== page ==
Sunday, 19 May 2013

May 19th - anniversary of the day Piers Gaveston surrendered at Scarborough Castle.

After returning from his third exile in early January, 1312, (or perhaps even earlier, at Christmas 1311), it would only be a matter of time before Piers Gaveston faced the wrath of the nobles.  He had, in total, been banished 3 times, and the last time, the Vita had accused him of  leading the king astray and having  'counselled him badly and persuaded him deceitfully and in many ways to do evil…Piers Gaveston, as a public enemy of the king and of the kingdom, shall be utterly cast out and exiled, not only from England, but from Wales, Scotland, Ireland, Gascony, and from every land as well beyond the sea as on this side of the sea subject to the lordship of the king of England, for ever and without return.'   Piers probably returned to see his newly born daughter Joan, and his wife, Margaret de Clare.  Naturally, a reunion with Edward II was on the cards, meeting probably at Knaresborough.  The nobles were enraged, particularly when Edward revoked the judgement against Piers and restored his lands and titles.   They prepared for war.

In early May, Piers and Edward parted.  Edward headed for York, whilst Piers headed for Scarborough castle which he had begun to prepare for a siege.  The siege did not last long, and Piers surrendered to, amongst others,  Aymer de Valence, Earl of Pembroke.   The terms of the surrender were favourable to Piers.  Pembroke would take Piers to York, where the barons would negotiate with the king. If an agreement could not be reached by 1 August, Piers would be allowed to return to Scarborough. An oath to guarantee Piers' safety.    After an initial meeting with the king in York, Piers was left in the custody of Pembroke, who escorted him south for safekeeping.   From then, things were about to go tragically wrong.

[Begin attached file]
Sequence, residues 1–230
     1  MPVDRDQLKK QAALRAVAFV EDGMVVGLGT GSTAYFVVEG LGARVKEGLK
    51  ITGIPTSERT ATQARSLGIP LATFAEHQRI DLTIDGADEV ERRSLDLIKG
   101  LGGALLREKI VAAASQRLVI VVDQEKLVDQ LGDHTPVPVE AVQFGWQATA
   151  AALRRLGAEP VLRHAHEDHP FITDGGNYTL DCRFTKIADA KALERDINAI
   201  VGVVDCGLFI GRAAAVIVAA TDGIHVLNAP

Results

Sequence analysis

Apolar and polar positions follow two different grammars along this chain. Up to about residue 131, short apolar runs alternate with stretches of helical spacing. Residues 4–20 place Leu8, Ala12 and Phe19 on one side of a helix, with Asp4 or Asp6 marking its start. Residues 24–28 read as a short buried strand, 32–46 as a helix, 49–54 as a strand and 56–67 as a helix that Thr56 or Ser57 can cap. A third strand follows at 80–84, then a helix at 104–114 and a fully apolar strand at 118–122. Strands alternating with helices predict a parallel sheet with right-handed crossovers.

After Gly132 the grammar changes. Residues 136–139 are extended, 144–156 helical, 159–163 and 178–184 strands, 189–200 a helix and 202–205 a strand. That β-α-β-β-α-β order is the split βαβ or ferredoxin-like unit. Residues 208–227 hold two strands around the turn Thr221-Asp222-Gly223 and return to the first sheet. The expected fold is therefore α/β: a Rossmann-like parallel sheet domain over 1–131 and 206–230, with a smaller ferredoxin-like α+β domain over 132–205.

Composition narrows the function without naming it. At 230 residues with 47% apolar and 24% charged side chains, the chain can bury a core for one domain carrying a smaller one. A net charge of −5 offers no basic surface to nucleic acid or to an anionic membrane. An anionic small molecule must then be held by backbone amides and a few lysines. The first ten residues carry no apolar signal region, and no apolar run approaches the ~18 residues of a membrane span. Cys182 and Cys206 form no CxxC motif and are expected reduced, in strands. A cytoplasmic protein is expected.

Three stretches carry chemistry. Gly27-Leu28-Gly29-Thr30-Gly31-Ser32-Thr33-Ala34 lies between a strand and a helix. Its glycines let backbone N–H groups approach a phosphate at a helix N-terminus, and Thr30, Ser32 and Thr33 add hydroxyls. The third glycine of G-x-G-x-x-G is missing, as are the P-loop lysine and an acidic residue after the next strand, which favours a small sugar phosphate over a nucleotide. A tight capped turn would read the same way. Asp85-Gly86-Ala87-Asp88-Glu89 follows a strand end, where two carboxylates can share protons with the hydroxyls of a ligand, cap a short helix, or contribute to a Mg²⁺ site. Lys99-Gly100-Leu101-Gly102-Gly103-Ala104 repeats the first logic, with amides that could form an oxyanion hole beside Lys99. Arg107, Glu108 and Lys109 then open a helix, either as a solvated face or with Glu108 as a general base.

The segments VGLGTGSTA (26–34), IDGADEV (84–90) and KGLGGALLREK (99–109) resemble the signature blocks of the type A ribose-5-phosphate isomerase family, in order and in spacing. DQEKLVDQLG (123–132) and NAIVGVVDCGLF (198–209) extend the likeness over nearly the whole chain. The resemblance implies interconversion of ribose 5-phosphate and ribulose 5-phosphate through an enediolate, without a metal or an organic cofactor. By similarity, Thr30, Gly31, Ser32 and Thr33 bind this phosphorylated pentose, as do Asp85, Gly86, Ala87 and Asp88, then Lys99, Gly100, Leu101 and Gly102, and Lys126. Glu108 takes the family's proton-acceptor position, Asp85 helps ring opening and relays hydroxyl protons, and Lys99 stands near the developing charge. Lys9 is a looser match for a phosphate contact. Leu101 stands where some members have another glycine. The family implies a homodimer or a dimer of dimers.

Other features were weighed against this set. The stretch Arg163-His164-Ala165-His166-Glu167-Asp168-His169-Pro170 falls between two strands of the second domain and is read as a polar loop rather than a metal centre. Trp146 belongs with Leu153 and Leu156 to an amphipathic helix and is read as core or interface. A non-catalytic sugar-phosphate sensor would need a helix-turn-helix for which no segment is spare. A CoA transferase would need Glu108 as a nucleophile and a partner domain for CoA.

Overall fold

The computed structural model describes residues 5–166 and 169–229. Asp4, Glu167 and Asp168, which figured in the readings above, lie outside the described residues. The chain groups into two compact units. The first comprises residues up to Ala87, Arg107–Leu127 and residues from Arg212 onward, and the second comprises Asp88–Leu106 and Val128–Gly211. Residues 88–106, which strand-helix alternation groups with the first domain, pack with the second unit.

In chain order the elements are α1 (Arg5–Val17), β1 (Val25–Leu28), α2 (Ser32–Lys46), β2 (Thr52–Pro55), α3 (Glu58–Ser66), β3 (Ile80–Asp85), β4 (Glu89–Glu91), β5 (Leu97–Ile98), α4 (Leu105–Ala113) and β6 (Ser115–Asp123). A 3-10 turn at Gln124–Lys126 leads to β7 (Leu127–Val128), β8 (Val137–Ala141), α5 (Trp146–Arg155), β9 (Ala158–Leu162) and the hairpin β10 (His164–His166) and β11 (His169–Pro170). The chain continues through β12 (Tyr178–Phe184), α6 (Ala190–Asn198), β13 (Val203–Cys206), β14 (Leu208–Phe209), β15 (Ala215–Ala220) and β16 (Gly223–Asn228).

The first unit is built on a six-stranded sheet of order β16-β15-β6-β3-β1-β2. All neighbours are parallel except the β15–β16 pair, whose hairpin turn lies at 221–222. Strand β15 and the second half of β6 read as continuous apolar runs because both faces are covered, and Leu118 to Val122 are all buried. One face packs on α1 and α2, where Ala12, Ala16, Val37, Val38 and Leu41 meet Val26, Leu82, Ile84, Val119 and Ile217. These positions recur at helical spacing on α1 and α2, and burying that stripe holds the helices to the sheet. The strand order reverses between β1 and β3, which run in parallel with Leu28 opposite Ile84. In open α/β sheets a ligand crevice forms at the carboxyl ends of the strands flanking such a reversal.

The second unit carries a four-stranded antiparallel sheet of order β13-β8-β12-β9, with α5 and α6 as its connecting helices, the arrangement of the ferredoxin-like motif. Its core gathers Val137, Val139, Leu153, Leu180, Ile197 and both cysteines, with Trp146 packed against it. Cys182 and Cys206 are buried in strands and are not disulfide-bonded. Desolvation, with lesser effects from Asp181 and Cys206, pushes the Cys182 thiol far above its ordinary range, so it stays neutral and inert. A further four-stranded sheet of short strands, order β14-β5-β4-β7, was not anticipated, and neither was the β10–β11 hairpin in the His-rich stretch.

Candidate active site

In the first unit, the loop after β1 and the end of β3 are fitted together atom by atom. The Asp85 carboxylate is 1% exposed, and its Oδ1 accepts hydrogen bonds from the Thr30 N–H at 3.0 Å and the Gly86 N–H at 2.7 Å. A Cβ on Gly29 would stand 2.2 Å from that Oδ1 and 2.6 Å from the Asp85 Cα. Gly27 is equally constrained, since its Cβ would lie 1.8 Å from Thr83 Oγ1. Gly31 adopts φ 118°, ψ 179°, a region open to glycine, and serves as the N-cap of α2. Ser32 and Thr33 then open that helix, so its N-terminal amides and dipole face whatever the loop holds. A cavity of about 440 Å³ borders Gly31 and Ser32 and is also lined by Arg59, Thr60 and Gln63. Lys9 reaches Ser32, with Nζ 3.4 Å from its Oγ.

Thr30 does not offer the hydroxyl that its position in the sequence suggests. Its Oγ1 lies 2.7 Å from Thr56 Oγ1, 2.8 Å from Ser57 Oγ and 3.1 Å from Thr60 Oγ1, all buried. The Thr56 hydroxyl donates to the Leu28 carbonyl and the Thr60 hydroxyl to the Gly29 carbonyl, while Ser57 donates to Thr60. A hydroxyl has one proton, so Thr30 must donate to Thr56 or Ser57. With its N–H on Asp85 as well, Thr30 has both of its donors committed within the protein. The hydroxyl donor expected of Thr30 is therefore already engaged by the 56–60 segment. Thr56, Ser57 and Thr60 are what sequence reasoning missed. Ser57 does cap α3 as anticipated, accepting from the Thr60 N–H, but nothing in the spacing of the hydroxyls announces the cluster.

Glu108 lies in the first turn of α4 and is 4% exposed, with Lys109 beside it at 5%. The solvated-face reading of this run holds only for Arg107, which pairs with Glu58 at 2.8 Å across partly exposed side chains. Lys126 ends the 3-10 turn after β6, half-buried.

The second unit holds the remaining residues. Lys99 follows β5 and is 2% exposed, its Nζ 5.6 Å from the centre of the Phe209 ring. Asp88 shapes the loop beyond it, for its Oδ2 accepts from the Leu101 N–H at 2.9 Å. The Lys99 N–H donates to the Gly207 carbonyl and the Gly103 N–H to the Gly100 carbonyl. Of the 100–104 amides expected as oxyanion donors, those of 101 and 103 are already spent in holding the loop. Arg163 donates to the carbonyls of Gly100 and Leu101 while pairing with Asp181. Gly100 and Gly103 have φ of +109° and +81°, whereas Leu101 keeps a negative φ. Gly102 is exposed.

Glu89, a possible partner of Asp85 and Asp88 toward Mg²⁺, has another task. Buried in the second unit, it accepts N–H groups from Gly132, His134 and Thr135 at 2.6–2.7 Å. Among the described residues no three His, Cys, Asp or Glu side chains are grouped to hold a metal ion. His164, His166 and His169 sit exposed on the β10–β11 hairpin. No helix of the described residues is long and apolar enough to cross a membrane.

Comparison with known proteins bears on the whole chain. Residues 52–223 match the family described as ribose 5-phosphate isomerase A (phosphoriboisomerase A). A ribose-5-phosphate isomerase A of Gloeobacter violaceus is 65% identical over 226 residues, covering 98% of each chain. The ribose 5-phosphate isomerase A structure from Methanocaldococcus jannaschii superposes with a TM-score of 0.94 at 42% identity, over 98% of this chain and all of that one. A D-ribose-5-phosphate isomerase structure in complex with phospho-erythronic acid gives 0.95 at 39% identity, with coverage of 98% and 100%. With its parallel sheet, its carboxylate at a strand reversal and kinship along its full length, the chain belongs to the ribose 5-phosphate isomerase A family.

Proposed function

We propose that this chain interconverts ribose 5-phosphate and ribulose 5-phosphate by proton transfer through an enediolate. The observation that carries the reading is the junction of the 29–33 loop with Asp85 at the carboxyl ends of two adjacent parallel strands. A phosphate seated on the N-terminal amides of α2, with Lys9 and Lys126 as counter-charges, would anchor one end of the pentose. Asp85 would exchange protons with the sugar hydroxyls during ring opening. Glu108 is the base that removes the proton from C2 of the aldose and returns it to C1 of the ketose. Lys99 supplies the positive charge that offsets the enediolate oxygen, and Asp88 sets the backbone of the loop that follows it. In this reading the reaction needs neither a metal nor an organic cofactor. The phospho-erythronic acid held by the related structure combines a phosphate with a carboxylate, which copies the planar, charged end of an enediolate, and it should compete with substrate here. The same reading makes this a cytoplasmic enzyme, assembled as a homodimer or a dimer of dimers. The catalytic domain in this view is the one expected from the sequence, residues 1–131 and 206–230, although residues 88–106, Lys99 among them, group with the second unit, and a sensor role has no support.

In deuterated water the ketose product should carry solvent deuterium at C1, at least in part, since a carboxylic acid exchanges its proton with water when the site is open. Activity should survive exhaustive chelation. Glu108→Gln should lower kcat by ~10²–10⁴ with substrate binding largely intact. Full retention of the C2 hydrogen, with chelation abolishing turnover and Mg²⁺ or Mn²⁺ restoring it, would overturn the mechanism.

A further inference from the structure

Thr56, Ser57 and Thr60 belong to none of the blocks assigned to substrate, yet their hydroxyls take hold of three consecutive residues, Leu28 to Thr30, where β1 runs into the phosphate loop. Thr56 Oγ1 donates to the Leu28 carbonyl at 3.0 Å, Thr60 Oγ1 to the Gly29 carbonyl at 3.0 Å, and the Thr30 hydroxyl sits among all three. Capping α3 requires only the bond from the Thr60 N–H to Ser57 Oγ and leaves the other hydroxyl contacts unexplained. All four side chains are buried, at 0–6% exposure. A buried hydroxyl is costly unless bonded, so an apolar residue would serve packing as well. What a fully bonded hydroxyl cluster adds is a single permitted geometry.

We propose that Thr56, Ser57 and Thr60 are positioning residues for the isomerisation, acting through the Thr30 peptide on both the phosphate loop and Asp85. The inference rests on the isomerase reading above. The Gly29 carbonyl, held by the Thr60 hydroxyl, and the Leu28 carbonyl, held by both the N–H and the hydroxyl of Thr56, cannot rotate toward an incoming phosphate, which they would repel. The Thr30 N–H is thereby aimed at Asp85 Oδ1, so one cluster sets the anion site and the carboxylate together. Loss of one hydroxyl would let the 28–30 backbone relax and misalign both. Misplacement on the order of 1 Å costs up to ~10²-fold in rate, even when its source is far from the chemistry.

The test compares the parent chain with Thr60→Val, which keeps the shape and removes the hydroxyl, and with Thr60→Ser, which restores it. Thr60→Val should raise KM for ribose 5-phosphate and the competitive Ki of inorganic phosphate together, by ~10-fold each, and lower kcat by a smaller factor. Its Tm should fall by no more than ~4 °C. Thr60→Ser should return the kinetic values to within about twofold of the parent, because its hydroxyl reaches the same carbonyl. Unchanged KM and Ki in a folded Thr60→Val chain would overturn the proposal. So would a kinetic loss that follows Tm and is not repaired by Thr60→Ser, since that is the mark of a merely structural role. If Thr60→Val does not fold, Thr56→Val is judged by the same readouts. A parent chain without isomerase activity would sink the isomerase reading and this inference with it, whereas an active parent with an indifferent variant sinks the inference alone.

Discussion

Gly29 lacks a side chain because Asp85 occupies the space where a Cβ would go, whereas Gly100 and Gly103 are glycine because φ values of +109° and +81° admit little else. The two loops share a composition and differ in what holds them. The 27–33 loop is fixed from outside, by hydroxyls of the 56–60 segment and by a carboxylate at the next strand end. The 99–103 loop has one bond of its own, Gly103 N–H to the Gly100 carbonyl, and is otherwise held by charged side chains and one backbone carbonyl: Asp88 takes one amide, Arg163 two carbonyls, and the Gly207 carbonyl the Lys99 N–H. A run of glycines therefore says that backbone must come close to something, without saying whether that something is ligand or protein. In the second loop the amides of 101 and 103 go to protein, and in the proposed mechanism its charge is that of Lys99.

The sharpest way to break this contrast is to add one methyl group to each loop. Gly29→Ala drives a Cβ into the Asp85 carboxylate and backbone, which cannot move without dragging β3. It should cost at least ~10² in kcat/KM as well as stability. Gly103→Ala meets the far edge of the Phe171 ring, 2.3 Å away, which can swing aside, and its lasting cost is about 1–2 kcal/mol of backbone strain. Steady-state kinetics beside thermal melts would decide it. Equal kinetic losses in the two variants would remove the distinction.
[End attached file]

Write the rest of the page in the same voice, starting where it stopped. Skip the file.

There is a legend that the ghost of a headless Piers haunts Scarborough Castle and tries to 'push' visitors over the battlements.   Hmmmm, I just can't imagine Piers wanting to appear without his handsome head!

Scarborough Castle

Sunday, 12 May 2013

Suzannah Lipscomb's theories on Anne Boleyn

The highlight of the BBC's Talk Tudor day for me was Suzannah Lipscomb's theory on the fall of Anne Boleyn.  Later this month the BBC will show a drama/documentary on Anne's fall in which Suzannah takes part, and she recently wrote the cover article for April's BBC History magazine on Anne Boleyn.  This post is a short precis on the theories highlighted by Suzannah.

1.  That Anne was actually guilty.  There is no credible evidence for this, and the only historian who seriously considers Anne to be guilty is G W Bernard.  His recent book was titled 'Anne Boleyn: Fatal Attractions'.  Snappy title, but with weak arguments for Anne's guilt.  Bernard seems to be saying there was 'no smoke without fire' and thus condemns Anne.  Even though the dates Anne was supposed to have committed adultery prove it impossible for her to have done so, Bernard even tries to make the argument that the actual dates don't really matter.

2.  Thomas Cromwell conspired with the Seymours to displace Anne with Jane Seymour, and Anne's fall was the result of faction.   Anne supposedly found out that Cromwell was syphoning off money from dissolved monasteries.  This theory was the foundation of the recent Howard Brenton play 'Anne Boleyn'.  Lipscomb discards this theory in that she feels it represents Henry as a king easily manipulated by his ministers and courtiers.

3.  That Henry had tired of Anne, especially after her recent miscarriages, (although we don't know how many she had, and the report that the last one had been deformed can be discounted as being invented by the anti-Elizabeth  Catholic Nicholas Sander), fallen in love with Jane Seymour and asked Thomas Cromwell to rid him of Anne.  This is the theory that I have always subscribed to.  I think Anne's age, and I think she was born in 1502, would have been against her in 1536, and having miscarried on possibly as many as 3 babies,  Henry had tired of her, and his infatuation burnt out, decided to break from her.  He didn't want to jeopardise any future children with Jane Seymour, and so it wasn't enough for Anne to be divorced, she had to die.  She would never have gone quietly.  The fact that Henry would allow himself to be seen as a cuckolded husband I put down to the choice and number of victims - that Anne was so full of lust, and so vile, no man was safe from her - a lowly musician, Henry's friends, and worst of all, her own brother.